While Zorrilla waited for more members of his own family to arrive, the neighboring group began digging into aluminum containers of spaghetti tossed in a creamy sofrito and studded with smoked pork chunks and olives. “We came up here with eight cars today,” said one. “We’re big into spaghetti.” A few steps to his right, younger members of another large family were sharing a hookah while an older woman dished out plates of spaghetti on Styrofoam. Some of them had been in New York for 20 years, they explained, and some just two months. One woman recounted a time in the DR when the whole pot of spaghetti fell in the sand. Everyone tried to pick out the clean noodles before most finally gave up. On the other side of the park, a group of three were gathered around a smaller pot of spaghetti. “Every time we’d go on a day trip with a lot of people to a lake, a beach, or a river,” one of them said of their life back home, “we’d bring spaghetti with bread.”
While the exact contents of each pot varied, most had a few things in common: The pasta itself was broken into small pieces and purposely cooked until soft, not al dente, and tossed in a tomato-based sauce made with garlic, onion, peppers, annatto (achiote), and butter. Some finished their sauce with a can of Carnation evaporated milk; others added a few extra ingredients like olives, smoked pork chops, or chicken. Pan sobao or pan de agua (soft, chewy loaves of bread, about the size of a hoagie roll) accompanied just about every pot, which most families made some attempt to keep warm (though lukewarm empaguetadas is not a deal breaker).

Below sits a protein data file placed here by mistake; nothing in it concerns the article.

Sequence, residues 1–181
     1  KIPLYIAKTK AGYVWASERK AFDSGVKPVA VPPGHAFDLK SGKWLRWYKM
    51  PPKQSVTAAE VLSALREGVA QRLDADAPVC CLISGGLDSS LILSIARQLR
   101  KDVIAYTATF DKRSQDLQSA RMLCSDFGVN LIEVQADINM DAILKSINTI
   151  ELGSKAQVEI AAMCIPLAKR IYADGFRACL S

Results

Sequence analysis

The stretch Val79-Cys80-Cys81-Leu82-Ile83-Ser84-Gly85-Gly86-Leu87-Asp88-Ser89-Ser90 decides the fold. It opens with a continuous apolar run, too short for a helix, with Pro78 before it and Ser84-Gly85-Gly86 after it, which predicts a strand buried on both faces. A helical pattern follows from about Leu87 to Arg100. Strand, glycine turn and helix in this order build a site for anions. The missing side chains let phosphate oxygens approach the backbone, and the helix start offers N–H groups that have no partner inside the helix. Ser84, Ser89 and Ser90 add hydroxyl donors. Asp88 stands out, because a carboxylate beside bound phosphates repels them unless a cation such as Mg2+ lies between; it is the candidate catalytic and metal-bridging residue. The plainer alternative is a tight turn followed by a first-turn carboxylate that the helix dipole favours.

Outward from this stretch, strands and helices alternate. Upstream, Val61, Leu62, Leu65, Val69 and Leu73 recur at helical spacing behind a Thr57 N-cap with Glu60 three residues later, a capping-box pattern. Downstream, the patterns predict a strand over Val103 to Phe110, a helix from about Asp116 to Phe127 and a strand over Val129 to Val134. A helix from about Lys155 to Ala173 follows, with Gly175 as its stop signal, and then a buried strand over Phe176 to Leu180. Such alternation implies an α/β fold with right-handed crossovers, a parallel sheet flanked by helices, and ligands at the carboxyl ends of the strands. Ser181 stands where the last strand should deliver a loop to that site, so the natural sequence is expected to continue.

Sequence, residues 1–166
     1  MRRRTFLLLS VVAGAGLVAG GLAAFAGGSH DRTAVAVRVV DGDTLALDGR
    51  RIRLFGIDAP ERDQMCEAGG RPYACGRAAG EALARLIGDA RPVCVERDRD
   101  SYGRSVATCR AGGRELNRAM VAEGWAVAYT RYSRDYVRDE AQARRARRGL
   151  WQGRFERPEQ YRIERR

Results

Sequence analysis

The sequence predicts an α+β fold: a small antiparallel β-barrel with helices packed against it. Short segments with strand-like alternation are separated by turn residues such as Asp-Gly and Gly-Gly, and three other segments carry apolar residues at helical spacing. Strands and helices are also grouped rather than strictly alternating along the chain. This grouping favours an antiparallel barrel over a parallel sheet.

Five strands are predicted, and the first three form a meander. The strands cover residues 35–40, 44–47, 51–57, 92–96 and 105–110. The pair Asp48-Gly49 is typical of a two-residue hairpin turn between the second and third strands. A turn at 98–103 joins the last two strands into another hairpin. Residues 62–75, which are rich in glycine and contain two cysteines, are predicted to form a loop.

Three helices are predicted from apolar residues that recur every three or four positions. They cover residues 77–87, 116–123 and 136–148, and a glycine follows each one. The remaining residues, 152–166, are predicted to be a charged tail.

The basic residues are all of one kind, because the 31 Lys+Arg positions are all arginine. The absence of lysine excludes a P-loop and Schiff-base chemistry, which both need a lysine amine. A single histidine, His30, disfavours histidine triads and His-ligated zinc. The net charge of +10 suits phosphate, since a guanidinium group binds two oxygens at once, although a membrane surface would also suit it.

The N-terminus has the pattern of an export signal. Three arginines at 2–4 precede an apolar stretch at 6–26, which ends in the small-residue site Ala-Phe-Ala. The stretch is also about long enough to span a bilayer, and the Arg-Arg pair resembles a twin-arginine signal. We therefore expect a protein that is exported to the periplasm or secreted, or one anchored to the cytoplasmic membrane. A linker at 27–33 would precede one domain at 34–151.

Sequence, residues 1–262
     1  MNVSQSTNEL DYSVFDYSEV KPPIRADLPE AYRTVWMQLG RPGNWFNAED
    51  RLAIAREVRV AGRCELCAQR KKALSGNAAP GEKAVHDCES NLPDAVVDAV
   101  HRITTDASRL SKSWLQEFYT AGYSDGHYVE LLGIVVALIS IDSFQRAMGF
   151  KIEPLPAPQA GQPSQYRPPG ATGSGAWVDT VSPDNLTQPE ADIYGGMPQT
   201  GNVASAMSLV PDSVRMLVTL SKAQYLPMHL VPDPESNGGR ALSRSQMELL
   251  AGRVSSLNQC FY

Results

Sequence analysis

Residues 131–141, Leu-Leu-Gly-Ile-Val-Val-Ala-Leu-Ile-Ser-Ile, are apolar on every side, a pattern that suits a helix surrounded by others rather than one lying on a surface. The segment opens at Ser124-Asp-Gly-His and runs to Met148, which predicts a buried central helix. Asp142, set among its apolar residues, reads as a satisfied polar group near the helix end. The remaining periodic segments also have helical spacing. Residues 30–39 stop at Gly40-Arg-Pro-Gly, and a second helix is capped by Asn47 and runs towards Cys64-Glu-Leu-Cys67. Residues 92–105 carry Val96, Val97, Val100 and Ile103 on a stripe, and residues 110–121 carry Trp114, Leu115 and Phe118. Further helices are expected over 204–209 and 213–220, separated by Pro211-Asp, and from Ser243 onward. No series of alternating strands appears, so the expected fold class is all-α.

How, exactly, did a pot of hot pasta become de rigueur beach fare for thousands of Dominicans? The phrase I heard repeatedly was, “Es lo que más rinde” (it goes the furthest): spaghetti is the type of meal that can be stretched to feed a crowd on a budget, and for Dominicans at home and abroad, the beach was where crowds came together.
Today, empaguetadas at Lake Welch are just as vital a tradition as they were at Boca Chica. Lidia Marte, an Afro-Dominican cultural anthropologist teaching at the University of Puerto Rico in Rio Piedras, says these kinds of cultural touchstones are important. “If we do not have certain landmarks that we can invest with memories and new experiences, then we don’t create a sense of belonging and a sense of place. Food is always central,” she goes on. “It is a way to mark your presence in public. Saying, ‘We are here, we are human, we have our dignity, and we have our traditions,’ people can tell and retell their stories of who they are through their food narratives and reinvent the story of who they are becoming in the new place.”
Zorrilla couldn’t agree more. In 2015 he founded the organization Outdoor Promise to confront the issue of American public parks feeling unwelcoming and unsafe for Black and Latinx communities. He encourages youth of color to become stewards of the environment and “outdoor leaders,” by helping them feel as comfortable on hiking trails and in state parks and preserves as they are in their neighborhood. The programming includes a summer trip to Los Siete Lagos for Dominican middle schoolers from Washington Heights, to show that spending time in nature is part of the Dominican experience in New York, too. Last time, Zorrilla brought a Greka percolator and dominoes to help them feel at home, plus a menu of burgers and hot dogs. “But,” says Zorrilla, “we should have done empaguetadas. They would have loved that. Next time.”
Mike Diago is a social worker, writer, and cook based in New York’s Hudson Valley. Clay Williams is a Brooklyn-based photographer.